Twenty-five years ago, histrionic cooks debarred Anne Somerset from the kitchen.
Nowadays, Elizabeth I stands between her and her saucepans.

When I was a child, the kitchen was virtually forbidden territory. My parents employed two cooks: in London, a German lady called Leni, who produced excellent food, but who was also quick to take offence and prone to prolonged fits of sulking; in the country, a Spaniard named Celtso. He too was a good cook, but highly volatile, being apt to fly into passionate rages at the least provocation. Both cooks jealously guarded their own domains; so I grew up to be inordinately fond of food, but ignorant of culinary processes.

In due course Celtso gave notice and left for Australia. His place was taken by Mrs Byrd, an utterly delightful lady who inaugurated a new regime in the kitchen. I was allowed to watch as she worked and, though I suspect that at times she must have regretted her failure to exclude me (I was forever sampling her food), in this way I picked up the rudiments of cooking.

In the meantime Leni had also left and had been succeeded by Luis, a wonderful Spanish chef and a most good-humoured man. When I came to live in London after leaving school I must confess that the delicious food served by Luis acted as a powerful inducement not to leave the parental home. Friends who came to dinner became accustomed to eating food that was not necessarily elaborate, but cooked to perfection: fish croquettes, whose crisply fried coating belied their melting interior; escalope of salmon lightly covered with a herby hollandaise; thinly beaten-out fillet of veal with matchstick potatoes; irresistible bean soup, or boiled chicken in no way reminiscent of the nursery.

Having married in my early thirties, I moved to Baron’s court. I could tell that friends who had become accustomed to Luis’s cooking were despondent that they would no longer have access to it, but I flattered myself that I could easily dispel their gloom. Like a eunuch surrounding himself with pornography, I had amassed over the years a respectable collection of cookery books. I was eager to experiment.

Inevitably, when I sought to translate theory into practice, there were disasters. A Bearnaise sauce I had wanted to serve with rare beef refused to thicken, leaving me in a state of red-faced agitation. The herb crust on a rack of lamb emerged from the oven scorched beyond recognition. I could not have managed without Matthew, my husband, who intervened in times of crisis and performed an essential role - not always uncomplainingly - of clearing up much of the mess I left in my wake. Gradually I became more realistic when planning menus, avoiding dishes that required too much last-minute attention, and trying to have at least one course ready in advance. I also learned that even if a dish failed to turn out exactly as intended, it was unwise to be too apologetic: guest who had not been alerted frequently failed to realise that anything was amiss.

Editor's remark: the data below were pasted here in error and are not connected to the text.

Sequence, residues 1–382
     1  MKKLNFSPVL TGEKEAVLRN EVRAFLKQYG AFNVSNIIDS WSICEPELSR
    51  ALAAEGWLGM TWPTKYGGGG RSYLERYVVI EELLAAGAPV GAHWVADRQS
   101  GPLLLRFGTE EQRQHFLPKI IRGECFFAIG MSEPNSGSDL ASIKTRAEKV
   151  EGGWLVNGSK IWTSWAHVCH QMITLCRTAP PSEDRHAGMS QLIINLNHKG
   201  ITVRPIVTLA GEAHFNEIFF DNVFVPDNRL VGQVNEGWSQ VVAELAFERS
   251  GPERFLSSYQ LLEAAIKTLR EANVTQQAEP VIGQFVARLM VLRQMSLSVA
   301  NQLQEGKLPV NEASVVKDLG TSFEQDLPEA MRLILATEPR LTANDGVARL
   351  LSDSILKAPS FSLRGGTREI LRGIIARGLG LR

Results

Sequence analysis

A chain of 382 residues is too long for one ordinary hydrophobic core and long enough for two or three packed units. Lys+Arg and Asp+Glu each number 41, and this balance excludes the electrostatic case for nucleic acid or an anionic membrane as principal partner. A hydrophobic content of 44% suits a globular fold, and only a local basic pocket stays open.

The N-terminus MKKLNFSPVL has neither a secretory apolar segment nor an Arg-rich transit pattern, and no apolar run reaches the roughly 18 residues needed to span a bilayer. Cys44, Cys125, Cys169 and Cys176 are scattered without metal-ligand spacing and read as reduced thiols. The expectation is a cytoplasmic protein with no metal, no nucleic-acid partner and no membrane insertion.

One reason why things were apt to go wrong was that I rarely allowed enough time. I was in the process of finishing a biography of Queen Elizabeth I, and a combination of inexperience, optimism and the pressures of a deadline frequently led me to delude myself that I could easily rustle up dinner for ten in less than an hour.

When things in the kitchen were at their most chaotic, it was consoling to know that the problems I faced were nothing compared to those encountered by sixteenth-century courtiers who had offered hospitality to Queen Elizabeth and a vast entourage during her annual progress through her kingdom. In those days it was not easy to feed so sizeable an influx, not least because Elizabeth tended to be vague about her exact date of arrival. Hosts who had reserved large amounts of perishable provisions often had to cancel their orders when she failed to materialise, only to have a mad scramble to stock up afresh when it became clear that she was finally on her way. The quantities involved could be enormous: in 1578, for example, Elizabeth and her court spent three days at Lord North’s house, Kirtling, in the course of which they consumed 67 sheep, 32 geese, 273 mallards and young ducks, 26 dozen quails, four stags, 18 bucks, 2,522 eggs, a barrel of anchovies, two horse-loads of oysters and 400 red herrings.

Fortunately my guests are less demanding than Queen Elizabeth.